museum exhibition design

How to choose colour for art museum walls

Generally, exhibitions artwork (and our home wall art) contains many different colours so finding a colour that works for all can be tricky. Hopefully, I can help you to find the right wall colour for your space to serve as the perfect backdrop for your wall art by looking at art museum walls. At the time of writing, there is an exhibition, currently open, which I had the pleasure of designing.

Ali Kazim: Suspended in Time, Ashmolean Museum, 7th Feb–26th June 2022.

The exhibition team comprised of:

  • Artist: Ali Kazim
  • Curator: Mallica Kumbera Landrus (Keeper/Head of the Department of Eastern Art and Senior Curator)
  • Project manager: Agnes Valencak (Head of Exhibitions)
  • Ashmolean Conservation, Mount-making and Installation team
  • Print and build contractors: The Creative Key 

I was both 2D and 3D designer on this project.

art museum walls

© Ashmolean Museum, University of Oxford

© Ashmolean Museum, University of Oxford

Design philosophy

The artist and curator had a very clear approach to the grouping and layout- Ali’s work (which is largely wall mounted) to be hung on the gallery walls and the Ashmolean items (majority to be cased) to be centrally displayed.

Choosing the correct wall colour is a key exhibition design decision.

So, how did I do it? Well, I have an open approach to a project. It is important to gather all the design ideas when formulating the design brief because a designer can’t design an exhibition without team input. Ali and Mallica had discussed the colour prior to my involvement on the project which made my job relatively easy. They knew that the main art museum walls colour needed to be a warm, mid-dark grey. I absolutely agreed.

But why warm grey?

A standard grey (50% black mixed with 50% white) is less versatile than perhaps you would believe. This is because when it is used as the backdrop colour it can appear flat and draining.

Greys are much more interesting and usable with a small amount of other colour added- they are a neutral, muted form of the true colour. For example, if you add a bit of magenta and yellow to standard grey you achieve a grey/brown. Then there are the countless subtleties when you consider how much black and white and how much other colour to apply. I find that mixing a colour with standard grey adds a depth serving as a rich, contrasting, and elegant backdrop to the content of the room.

Ali’s work is largely bold and bright. There is a highlight piece (and one other), however, which is graphite on paper. The warm grey tone allows the colourful, bold works to ‘pop’ whilst harmonising next to the delicate works on paper. These principles were previously learned and applied in my Ashmolean’s Andy Warhol exhibition design in 2016 (article coming soon).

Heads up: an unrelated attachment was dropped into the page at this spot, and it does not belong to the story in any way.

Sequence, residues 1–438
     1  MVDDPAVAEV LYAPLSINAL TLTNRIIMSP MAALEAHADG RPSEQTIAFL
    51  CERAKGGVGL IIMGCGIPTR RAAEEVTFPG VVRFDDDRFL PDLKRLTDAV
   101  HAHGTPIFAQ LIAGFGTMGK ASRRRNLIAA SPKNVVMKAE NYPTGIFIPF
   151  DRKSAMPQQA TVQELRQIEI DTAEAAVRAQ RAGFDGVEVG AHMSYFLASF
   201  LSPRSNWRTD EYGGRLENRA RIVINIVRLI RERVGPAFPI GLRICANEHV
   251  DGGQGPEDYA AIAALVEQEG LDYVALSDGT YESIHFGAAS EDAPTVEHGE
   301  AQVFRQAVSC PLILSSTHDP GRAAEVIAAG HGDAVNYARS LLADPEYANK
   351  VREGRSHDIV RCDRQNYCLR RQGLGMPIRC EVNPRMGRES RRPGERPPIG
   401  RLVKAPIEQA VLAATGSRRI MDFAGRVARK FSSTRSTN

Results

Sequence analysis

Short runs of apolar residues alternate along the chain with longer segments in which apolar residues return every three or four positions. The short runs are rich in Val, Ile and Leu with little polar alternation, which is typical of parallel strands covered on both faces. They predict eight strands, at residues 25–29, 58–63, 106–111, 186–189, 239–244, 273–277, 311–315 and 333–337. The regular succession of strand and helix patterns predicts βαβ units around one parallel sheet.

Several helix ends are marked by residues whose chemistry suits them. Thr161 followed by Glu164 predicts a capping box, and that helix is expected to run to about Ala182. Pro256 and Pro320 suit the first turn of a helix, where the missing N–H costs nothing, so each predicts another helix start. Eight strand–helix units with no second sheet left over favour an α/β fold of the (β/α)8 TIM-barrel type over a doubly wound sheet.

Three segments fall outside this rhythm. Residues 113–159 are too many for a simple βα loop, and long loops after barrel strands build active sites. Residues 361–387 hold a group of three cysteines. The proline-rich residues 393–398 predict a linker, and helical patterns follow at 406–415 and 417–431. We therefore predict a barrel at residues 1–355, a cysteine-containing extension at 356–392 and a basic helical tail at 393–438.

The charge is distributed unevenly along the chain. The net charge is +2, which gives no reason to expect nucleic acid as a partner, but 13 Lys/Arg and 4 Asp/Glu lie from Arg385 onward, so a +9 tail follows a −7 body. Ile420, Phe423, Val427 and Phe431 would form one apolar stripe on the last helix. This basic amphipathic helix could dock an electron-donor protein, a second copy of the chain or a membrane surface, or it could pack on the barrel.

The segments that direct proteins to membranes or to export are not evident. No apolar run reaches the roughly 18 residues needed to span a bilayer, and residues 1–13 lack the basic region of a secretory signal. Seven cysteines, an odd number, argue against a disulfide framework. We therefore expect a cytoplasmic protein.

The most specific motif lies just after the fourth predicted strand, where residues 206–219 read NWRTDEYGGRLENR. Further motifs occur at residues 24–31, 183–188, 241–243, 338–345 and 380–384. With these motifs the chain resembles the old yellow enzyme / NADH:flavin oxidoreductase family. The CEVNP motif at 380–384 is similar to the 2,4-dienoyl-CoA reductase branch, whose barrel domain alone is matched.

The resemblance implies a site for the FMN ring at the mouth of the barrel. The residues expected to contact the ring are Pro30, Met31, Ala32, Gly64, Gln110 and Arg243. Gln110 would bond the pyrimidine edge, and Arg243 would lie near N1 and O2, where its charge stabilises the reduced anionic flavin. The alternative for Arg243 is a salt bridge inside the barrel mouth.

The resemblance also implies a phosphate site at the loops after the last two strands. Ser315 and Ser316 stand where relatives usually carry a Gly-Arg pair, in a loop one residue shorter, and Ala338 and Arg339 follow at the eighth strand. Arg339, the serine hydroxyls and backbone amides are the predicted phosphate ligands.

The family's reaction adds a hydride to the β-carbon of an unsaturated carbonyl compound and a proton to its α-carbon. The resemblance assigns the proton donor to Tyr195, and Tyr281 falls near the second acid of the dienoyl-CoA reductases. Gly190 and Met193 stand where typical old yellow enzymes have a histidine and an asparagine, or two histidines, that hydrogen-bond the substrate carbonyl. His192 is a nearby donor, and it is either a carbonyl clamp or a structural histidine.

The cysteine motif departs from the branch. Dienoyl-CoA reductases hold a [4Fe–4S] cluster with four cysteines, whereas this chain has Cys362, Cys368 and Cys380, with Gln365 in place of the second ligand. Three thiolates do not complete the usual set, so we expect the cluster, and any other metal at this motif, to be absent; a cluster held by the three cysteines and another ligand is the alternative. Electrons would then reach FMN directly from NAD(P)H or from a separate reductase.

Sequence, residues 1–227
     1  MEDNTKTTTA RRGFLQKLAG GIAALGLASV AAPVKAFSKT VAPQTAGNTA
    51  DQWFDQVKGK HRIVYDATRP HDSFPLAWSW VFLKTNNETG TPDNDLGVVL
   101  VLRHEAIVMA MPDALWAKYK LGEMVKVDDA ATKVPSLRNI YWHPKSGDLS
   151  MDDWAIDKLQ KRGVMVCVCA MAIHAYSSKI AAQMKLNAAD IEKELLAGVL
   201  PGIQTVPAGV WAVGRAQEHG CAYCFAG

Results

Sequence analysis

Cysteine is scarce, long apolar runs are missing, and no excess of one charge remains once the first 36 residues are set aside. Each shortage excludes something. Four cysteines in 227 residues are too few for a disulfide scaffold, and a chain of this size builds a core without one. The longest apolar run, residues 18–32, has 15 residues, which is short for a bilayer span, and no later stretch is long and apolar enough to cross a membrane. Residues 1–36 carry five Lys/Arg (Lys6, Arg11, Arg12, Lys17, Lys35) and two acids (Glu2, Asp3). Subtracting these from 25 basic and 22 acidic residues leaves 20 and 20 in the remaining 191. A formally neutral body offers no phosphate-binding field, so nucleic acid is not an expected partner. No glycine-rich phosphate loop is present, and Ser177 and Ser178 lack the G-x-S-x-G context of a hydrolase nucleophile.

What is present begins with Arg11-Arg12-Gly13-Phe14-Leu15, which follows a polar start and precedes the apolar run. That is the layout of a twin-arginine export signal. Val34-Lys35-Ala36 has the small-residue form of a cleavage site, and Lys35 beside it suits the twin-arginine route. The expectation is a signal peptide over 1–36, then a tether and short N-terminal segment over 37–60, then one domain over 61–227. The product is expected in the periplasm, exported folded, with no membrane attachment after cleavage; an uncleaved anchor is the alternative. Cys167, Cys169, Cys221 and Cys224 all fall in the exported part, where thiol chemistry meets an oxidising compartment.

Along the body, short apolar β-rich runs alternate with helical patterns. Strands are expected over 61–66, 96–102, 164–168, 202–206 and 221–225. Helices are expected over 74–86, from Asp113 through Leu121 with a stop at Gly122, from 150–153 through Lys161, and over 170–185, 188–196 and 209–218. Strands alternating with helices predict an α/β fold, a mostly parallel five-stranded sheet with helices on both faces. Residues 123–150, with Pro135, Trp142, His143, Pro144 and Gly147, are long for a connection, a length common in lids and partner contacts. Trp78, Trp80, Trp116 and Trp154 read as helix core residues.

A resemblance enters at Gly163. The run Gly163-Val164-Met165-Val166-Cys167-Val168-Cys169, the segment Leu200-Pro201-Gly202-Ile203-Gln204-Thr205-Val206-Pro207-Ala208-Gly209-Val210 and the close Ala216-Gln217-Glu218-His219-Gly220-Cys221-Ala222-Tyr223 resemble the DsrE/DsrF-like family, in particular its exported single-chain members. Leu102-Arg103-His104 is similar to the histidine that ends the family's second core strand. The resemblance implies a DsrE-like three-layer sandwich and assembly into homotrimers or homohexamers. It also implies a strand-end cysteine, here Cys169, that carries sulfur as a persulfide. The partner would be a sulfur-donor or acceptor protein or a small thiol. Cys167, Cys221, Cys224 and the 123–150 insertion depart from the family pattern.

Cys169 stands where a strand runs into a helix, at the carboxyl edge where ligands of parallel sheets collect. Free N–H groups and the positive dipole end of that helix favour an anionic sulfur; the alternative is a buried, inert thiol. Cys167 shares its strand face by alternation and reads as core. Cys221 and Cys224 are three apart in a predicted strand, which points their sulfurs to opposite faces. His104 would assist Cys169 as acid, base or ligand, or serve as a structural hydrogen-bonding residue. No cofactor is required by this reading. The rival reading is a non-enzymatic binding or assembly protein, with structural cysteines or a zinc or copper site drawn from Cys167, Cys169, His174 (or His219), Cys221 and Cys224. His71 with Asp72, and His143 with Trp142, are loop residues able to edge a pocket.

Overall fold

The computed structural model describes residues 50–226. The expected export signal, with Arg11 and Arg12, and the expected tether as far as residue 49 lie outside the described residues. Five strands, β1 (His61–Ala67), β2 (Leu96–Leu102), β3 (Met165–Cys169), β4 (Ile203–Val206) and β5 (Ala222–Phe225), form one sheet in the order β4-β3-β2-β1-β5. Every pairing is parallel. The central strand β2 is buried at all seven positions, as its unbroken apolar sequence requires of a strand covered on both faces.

Which paint to choose

As with the Warhol exhibition, I had to find the right warm grey for the art museum walls. We can feel bamboozled by the huge choice of paint colours. There actually appears to have been an explosion of paint suppliers in the last 12 months as I see more adverts pop up on social media.

My ‘go to’ paint company was Dulux in my early career with a great deal of success. There had to be rather a lot of sampling though due to the large colour range which was time consuming. Then, I discovered Little Greene paint company who, like Farrow and Ball, have taken the headache out of selection and editing. They have a paired back and stunning colour range and have an excellent website where colour palettes are suggested. Many colours have a cultural reference which is interesting and helpful.

Some of my clients prefer using Little Greene because it is great quality paint requiring less coats. For museums with tight installation periods this is ideal because contractors take less time to repaint the galleries.

I proposed Little Greene’s Vulcan 324 as it is a warm deep grey which exudes depth, softness, and sophistication. I was so pleased, after sampling, when the client approved this colour.

There may have been a concern that the space would feel dark and gloomy which is true if the room had no content or lighting. The colour is a backdrop to the star of the show- the artwork and the graphics. Furthermore, it is important to see the 3D design as a set of layers which only works when everything is in place.

For more on wall colours check out these related articles: (coming soon) ‘Best paint colours for Pop Art colours’, ‘How to choose your interior colour scheme’.

Do you have a project you need a designer for? I may be able to help- see more of my exhibition design work here.

Are you looking for fine art or objects for your wall display? Go to 3 Legged Duck interior design shop online.

© Ashmolean Museum, University of Oxford